SOC 2010 Chapter 11 Notes
SOC 2010 Chapter 11 Notes Soc 2010
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This 2 page Class Notes was uploaded by kyle.gosland on Monday April 11, 2016. The Class Notes belongs to Soc 2010 at Clemson University taught by Mary Barr in Fall 2016. Since its upload, it has received 44 views. For similar materials see Introduction to sociology in Sociology at Clemson University.
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Date Created: 04/11/16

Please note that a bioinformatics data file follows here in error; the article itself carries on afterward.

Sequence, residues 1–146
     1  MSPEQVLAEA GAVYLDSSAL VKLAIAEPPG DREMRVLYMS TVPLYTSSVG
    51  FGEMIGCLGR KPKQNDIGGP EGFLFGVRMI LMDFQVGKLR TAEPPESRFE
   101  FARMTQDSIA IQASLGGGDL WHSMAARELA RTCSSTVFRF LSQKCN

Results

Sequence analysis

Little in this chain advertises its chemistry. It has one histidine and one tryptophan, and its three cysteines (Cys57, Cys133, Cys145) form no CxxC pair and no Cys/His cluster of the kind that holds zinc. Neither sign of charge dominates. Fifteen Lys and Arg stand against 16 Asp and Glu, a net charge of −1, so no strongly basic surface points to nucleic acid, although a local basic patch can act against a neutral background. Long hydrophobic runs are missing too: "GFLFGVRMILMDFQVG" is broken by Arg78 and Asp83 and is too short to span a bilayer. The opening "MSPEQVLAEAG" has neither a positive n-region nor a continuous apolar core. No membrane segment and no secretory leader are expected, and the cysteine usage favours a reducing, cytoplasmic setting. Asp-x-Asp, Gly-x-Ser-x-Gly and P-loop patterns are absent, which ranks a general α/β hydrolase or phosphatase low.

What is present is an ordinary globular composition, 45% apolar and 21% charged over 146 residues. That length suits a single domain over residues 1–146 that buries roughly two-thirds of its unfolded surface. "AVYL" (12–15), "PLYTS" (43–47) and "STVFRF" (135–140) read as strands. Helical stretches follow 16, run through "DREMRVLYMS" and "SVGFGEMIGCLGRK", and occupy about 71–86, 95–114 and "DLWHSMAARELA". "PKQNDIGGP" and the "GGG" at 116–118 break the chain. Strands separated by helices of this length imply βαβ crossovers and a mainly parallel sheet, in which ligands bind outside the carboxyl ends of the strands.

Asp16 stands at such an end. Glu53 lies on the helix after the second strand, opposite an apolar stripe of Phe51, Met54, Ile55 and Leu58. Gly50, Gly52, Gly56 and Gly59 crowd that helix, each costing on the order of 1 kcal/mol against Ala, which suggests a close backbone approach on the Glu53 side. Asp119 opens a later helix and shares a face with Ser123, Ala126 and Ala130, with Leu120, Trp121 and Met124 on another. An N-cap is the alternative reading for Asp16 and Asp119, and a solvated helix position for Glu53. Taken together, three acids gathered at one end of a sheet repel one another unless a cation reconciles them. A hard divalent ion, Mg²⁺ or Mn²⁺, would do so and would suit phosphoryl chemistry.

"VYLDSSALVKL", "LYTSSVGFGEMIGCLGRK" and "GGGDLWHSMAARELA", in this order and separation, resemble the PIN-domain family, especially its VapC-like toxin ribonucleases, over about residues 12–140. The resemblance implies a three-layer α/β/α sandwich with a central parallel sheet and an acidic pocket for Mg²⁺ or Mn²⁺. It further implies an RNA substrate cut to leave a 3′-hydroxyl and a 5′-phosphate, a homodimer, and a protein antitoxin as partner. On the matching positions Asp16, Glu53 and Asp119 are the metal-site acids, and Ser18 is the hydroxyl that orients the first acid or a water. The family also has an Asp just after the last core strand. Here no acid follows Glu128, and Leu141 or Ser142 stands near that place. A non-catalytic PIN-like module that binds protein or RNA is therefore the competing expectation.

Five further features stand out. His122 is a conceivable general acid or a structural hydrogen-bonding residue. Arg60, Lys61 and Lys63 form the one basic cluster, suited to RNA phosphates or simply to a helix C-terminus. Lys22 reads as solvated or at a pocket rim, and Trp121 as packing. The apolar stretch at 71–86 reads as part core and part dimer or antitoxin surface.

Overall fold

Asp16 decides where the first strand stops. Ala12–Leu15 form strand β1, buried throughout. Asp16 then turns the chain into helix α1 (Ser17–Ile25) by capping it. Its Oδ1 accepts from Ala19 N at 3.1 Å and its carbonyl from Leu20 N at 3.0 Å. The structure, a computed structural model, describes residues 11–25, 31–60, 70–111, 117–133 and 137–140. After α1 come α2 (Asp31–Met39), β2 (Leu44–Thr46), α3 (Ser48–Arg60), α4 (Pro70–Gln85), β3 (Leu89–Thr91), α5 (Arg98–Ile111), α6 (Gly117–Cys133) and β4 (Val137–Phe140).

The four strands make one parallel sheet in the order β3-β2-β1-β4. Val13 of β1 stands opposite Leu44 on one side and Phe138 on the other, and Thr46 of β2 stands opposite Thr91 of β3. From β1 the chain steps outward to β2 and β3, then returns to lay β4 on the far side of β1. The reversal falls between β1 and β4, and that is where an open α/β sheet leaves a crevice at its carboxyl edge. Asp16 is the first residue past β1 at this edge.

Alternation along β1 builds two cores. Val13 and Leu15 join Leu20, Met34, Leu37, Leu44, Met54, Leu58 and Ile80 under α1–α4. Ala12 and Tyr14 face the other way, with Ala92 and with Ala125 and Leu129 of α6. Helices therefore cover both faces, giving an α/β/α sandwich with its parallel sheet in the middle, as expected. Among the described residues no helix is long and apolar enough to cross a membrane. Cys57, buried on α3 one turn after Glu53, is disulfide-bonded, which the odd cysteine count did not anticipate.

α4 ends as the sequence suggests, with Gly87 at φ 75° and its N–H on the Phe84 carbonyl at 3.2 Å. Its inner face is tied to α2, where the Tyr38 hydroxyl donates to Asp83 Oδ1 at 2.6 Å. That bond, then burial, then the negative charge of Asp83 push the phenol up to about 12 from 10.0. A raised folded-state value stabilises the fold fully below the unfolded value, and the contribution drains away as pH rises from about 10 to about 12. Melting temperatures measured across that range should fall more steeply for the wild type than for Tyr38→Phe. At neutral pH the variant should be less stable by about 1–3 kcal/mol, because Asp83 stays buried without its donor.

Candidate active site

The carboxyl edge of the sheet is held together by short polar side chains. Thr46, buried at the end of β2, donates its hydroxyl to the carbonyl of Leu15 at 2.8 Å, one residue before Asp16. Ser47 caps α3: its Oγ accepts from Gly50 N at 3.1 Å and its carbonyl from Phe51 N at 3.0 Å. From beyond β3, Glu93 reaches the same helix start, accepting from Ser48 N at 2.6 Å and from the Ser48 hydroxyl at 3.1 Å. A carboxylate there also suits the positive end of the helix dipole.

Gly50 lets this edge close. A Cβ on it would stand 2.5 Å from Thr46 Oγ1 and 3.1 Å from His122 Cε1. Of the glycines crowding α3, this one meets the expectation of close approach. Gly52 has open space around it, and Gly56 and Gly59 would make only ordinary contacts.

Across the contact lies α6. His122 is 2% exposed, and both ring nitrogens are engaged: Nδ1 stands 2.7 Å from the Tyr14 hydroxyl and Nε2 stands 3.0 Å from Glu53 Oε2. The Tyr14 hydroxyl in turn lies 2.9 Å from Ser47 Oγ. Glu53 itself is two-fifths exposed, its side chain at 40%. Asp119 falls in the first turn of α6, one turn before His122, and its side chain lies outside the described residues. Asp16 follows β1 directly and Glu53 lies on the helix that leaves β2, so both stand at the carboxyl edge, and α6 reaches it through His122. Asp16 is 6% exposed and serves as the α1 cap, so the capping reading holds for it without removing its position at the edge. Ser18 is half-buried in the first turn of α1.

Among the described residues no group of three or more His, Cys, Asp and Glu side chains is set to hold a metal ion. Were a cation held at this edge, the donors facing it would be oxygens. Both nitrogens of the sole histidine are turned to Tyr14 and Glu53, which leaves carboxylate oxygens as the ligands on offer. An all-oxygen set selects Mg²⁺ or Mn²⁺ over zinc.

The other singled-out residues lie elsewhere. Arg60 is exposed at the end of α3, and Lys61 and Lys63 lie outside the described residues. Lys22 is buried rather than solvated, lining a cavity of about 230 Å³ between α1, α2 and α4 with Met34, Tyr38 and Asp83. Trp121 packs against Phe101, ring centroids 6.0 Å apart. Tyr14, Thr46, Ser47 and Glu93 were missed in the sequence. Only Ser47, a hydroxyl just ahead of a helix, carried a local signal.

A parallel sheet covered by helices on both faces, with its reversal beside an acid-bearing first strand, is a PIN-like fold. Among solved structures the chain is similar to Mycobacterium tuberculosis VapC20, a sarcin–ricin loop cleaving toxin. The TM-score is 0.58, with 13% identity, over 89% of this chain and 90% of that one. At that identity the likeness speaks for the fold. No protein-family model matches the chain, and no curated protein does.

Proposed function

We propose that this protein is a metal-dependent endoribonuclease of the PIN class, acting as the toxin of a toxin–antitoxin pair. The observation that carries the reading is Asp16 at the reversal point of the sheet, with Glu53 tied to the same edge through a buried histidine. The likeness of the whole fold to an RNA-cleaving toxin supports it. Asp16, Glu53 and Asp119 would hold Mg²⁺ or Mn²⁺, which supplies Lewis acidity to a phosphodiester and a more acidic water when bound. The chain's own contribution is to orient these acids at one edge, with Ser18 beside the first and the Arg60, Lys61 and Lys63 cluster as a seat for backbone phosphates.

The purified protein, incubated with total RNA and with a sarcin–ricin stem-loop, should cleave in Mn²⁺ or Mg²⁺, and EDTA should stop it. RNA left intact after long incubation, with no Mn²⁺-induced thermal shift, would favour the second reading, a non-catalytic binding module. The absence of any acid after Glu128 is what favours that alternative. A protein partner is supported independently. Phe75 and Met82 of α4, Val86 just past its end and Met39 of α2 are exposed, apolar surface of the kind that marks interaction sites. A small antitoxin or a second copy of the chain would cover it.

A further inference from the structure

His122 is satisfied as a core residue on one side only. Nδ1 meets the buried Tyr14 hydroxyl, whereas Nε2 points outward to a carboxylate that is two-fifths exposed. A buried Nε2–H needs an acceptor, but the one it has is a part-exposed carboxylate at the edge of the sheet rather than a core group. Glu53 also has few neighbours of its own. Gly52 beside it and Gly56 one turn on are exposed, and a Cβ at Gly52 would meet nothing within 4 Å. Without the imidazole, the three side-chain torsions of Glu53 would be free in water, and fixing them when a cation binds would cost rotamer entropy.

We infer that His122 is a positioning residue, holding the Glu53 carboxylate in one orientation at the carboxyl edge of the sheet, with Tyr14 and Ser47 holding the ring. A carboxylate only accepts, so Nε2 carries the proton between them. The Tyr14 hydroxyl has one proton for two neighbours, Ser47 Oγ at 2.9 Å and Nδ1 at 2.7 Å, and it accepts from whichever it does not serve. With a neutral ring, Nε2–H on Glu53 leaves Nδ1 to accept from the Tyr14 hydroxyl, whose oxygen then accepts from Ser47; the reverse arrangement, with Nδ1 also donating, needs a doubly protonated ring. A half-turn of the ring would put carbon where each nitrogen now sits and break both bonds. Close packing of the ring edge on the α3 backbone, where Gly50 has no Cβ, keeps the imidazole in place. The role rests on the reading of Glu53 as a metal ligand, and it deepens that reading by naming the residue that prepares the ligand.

Chapter 11: Work and the Economy Marx, Durkheim, Weber agreed that analyzing modern work is important to society Conflict Theory (Marx) Stratified labor market creates conflict between groups; elites can exploit poor people Social inequality is the basic characteristic of society Better technology and paid labor gives potential for major societal improvements Bourgeoisie (elite) and proletariat (workers) Capitalism: small group of people control large amount of money and has power Individuals privately own factors of production; goal is to make profit 4 ways to maximize profit: Raise prices Cut quality Sell smaller amounts for the same price Pay workers less/ hire less workers Profit encourages efficiency: new technology, markets expanding, cut costs Alienation: a worker’s disconnected relationship to work People lose control over production, become alienated, work becomes only a way to survive 4 ways of being alienated Workers don’t get to see the product of their own labor (assembly lines) Their own productive activities (elite get the value of the product, workers only get wages) Fellow workers (only working for themselves and their personal survival) Human nature (nothing to be proud of after production, desire to create) Structural Functionalism (Durkheim) Different types of work are necessary to the economy and to society Skilled jobs get paid more than unskilled jobs Max Weber Application of economic logic to human behaviors and activity Religious aspect of Protestant Work Ethic and Spirit of Capitalism Emphasized hard work and frugal spending Symbolic Interactionism Social world from the perspective of individuals Meanings created through individual actions and interactions (micro- theory) Based on in depth interviews with people about their jobs or meanings of their jobs History of Work in the US Earliest American Economy: hunting and gathering (Native Americans) Agricultural Revolution: cotton gin (1793), planting, farming, household production Industrial Revolution: factory, assembly line, steam power, people moved to urban areas Information Revolution: microchip invented in the 1970s Recent shift from Manufacturing to Service Manufacturing: producing goods, blue collar jobs without much schooling 1970s: deindustrialization (decline of industrial activity) Service Economy High End: people with knowledge and time to improve productivity Low End: fast food workers Demand for workers at both ends of the education spectrum, not in the middle Past 30 years has led to jobs of lower wage than than under the manufacturing economy Most new jobs created don’t pay a living wage New Age Capitalism (sharing economy) Technology connects people with underused things to sell Not much regulation Signal of desperation for people who need to make money any way they can Convenience, cheaper prices, connections with people Underground Economy: sales happening under the table or off the books
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